When you hear the words “retro camera,” you probably think of some kind of silver or black camera crafted decades ago out of solid chunks of metal. But what would a retro camera look like if you kept the design the same but replaced its metal body with wood?
French photo enthusiast Cesar Sebouhian and his father recently decided to find out, and created the gorgeous Nikon “F2D” seen above.
You can spot-meter and bounce strobes all you want, but on-location portrait photography can still be a pain the butt. Unless you take your studio lighting rig with you.
When visiting Lancaster, Pennsylvania recently, Portland, Oregon-based photographer Lindsey Boccia made the mistake of not bringing her camera bag along for the journey. Boccia wanted to play around with analog photography, so she decided to buy some disposable cameras.
A quick visit to a nearby camera shop netted her four one-time-use cameras for about $6 each. She then “distressed” them to turn them into experimental lo-fi toy cameras.
Create a DIY Lightbox using a Five Gallon Bucket —5 Gallon Ideas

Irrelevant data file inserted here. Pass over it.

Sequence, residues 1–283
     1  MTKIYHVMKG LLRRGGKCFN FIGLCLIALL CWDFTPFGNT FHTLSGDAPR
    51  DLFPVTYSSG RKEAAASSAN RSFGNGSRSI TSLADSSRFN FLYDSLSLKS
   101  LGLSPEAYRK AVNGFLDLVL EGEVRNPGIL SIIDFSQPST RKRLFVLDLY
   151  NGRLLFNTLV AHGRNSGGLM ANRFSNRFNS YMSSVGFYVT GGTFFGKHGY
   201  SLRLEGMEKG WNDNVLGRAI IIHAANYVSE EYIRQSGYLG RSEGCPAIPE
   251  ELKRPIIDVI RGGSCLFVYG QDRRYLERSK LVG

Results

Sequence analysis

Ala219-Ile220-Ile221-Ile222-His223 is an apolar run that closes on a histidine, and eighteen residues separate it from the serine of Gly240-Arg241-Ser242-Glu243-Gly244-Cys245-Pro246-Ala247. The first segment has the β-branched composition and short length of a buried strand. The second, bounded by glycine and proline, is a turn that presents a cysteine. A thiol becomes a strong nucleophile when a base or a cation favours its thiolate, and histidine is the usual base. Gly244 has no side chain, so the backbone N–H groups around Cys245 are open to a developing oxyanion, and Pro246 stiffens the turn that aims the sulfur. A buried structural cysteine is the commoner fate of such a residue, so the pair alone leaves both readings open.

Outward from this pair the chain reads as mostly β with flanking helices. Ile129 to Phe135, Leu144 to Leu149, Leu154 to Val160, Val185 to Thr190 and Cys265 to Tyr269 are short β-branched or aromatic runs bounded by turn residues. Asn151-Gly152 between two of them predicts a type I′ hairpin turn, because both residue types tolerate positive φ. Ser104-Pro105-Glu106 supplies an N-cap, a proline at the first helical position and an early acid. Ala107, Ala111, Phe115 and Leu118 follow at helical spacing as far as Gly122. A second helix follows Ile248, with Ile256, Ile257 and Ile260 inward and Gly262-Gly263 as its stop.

Earlier this year I tried Polaroid emulsion lifts for the first time. An emulsion lift (or emulsion transfer) is when the emulsion layer is removed from a sheet of instant film and then transferred to a different surface.
I’ve always thought they would be hard to do and was surprised at how easy and fun it was, so I thought I’d put together a little step by step guide to making instant film lifts!
How to Make an Instagram Logo Cake —HowToCookThat
If you know someone who’s absolutely obsessed with Instagram, you can bake them a special cake that reveals the logo of his or her favorite photo sharing service when it’s cut into slices. In this video, Ann of howtocookthat shows how it’s made. The result is quite impressive.
A couple of days ago, we shared a great little DIY project by Phoenix-based photographer Dan Tabár. Since he sometimes has to shoot on quiet soundstages where camera noise is not an option, he created a makeshift sound blimp for his Nikon D800 for only about $80 — a professional sound blimp would have run him closer to $1,000.